Jun 16 2013

Of privilege and prostitution

Women advocating for the abolition of prostitution on the steps of the Supreme Court (source: www.ctvnews.ca)

For a few years in the 1990s, I had the privilege of bylining a column in the Vancouver Sun. Every week, I’d write 750 words on pretty much any topic I wanted, and the Sun (a broadsheet not affiliated with the tabloid chain) would disseminate it to hundreds of thousands of readers.

That’s where the privilege came in. Pre-Facebook, Twitter and widespread Internet use, having a newspaper column gave you a singularly influential platform.

After three years, a new editor-in-chief decided to replace my overtly feminist voice with that of another more conservative-minded woman whose opinions more often aligned with those of the new owner (and yes, his name was Conrad Black).  I doubt that my views ever registered on Mr. Black’s consciousness, but from the day he became the major shareholder of the paper, my own editor began second-guessing my commentary, calling me up to inquire, “Are you sure you want to (write about breast feeding, contradict yesterday’s editorial about same-sex parents, or encourage police to do a better job of investigating the disappearance of aboriginal women on the Downtown Eastside)?”

(This was years before the Port Coquitlam pig farmer was finally identified as the man behind those disappearances, and I continue to regret that I only devoted one column to the topic, instead of 5, or 10.)

Yesterday, the Ottawa Citizen gave me space to write about some of the issues currently being considered by the Supreme Court regarding the decriminalization of prostitution. The debate over the wisdom of what’s being advocated by Bedford and company is one that divides feminists, and I respect the perspectives of those who take a different view on the matter.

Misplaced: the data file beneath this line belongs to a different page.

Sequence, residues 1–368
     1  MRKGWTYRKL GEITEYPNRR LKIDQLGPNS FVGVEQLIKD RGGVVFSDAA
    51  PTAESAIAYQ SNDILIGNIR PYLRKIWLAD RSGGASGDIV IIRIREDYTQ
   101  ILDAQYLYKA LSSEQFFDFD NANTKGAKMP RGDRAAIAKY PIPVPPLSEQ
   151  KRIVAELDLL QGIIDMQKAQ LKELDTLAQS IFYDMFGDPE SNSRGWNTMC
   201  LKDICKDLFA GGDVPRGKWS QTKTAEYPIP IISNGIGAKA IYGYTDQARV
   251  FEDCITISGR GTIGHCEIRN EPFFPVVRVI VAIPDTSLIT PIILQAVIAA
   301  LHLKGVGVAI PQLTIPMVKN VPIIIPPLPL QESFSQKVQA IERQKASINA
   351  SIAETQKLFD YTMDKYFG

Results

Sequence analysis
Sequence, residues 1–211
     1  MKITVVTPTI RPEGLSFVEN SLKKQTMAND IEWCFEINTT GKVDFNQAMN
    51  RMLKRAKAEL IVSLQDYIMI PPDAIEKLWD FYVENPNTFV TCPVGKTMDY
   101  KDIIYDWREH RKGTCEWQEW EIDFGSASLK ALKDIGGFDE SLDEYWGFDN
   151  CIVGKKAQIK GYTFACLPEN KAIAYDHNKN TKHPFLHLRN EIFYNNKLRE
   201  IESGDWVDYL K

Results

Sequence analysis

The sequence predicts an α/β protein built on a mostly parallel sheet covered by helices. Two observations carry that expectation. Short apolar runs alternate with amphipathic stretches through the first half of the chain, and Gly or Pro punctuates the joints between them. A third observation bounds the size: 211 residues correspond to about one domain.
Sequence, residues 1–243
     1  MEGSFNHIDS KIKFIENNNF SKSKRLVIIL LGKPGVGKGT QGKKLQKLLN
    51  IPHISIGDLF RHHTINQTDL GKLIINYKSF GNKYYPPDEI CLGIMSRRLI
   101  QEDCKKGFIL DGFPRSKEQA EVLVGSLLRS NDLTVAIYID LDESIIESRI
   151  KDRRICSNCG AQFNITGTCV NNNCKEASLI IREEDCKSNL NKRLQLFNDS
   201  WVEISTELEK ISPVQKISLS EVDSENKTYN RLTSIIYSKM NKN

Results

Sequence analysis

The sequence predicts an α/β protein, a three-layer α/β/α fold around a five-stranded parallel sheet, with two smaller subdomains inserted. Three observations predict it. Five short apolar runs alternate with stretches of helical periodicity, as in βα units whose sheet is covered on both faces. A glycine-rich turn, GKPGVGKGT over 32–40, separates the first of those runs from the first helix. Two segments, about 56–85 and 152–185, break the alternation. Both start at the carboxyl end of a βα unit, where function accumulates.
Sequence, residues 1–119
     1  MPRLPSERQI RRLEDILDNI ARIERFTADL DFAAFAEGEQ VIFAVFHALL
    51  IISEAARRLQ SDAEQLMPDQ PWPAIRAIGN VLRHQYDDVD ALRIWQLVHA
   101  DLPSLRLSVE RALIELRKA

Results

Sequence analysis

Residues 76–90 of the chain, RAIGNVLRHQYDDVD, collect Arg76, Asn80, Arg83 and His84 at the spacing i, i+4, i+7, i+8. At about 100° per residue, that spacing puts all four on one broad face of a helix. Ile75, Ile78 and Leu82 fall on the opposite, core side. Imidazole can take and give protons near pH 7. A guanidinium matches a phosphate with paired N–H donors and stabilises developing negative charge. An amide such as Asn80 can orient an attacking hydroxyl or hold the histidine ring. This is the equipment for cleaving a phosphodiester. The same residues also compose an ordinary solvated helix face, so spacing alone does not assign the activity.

But I’m siding with Aboriginal women on this one. The Native Women’s Association of Canada is one of seven organizations that make up the Women’s Coalition for the Abolition of Prostitution. The Coalition used its intervener status at this week’s Supreme Court hearing to advocate for the decriminalization of prostituted women, but not the legalization of brothels or pimping. (You can read the full column here.)

Although mainstream newspaper columns don’t have quite the same dominance as they once did, being able to focus thousands of readers’ attention on an issue you think is important remains a privilege. I appreciate it every time I’m given the opportunity.

And I am genuinely thrilled every time a woman who has attended an Informed Opinions workshop, or heard me speak, takes advantage of a similar forum to amplify her voice on a topic she knows and cares about.

Our site now features more than 100 of these interventions, with many more to come. And royalties from the sale of every copy of I Feel Great About My Hands support more women in being heard.


Jul 17 2012

Reading and Singing Farewell Tribute to Mother Tongue Friday July 20th


How would you like to share the stage with a jazz vocalist who one critic describes as having

A voice so rich it makes me crave a glass of milk.

Friday night at the final in a series of farewell soirée for the venerable Mother Tongue Books, I get to do just that.

Fabulous Ottawa singer/songwriter Renée Yoxon will be performing her magic, and I’ll read brief bits from some of the funniest and most poignant essays and poems by the likes of Mary Walsh, Lorna Crozier and others who contributed to I Feel Great About My Hands.

I’ll also tell a story or two about Informed Opinions, the project the book is supporting, which is designed to train and inspire women to share their ideas, analyses and informed opinions more often and more widely.

 7 pm  Friday July 20th

Mother Tongue Books

1067 Bank Street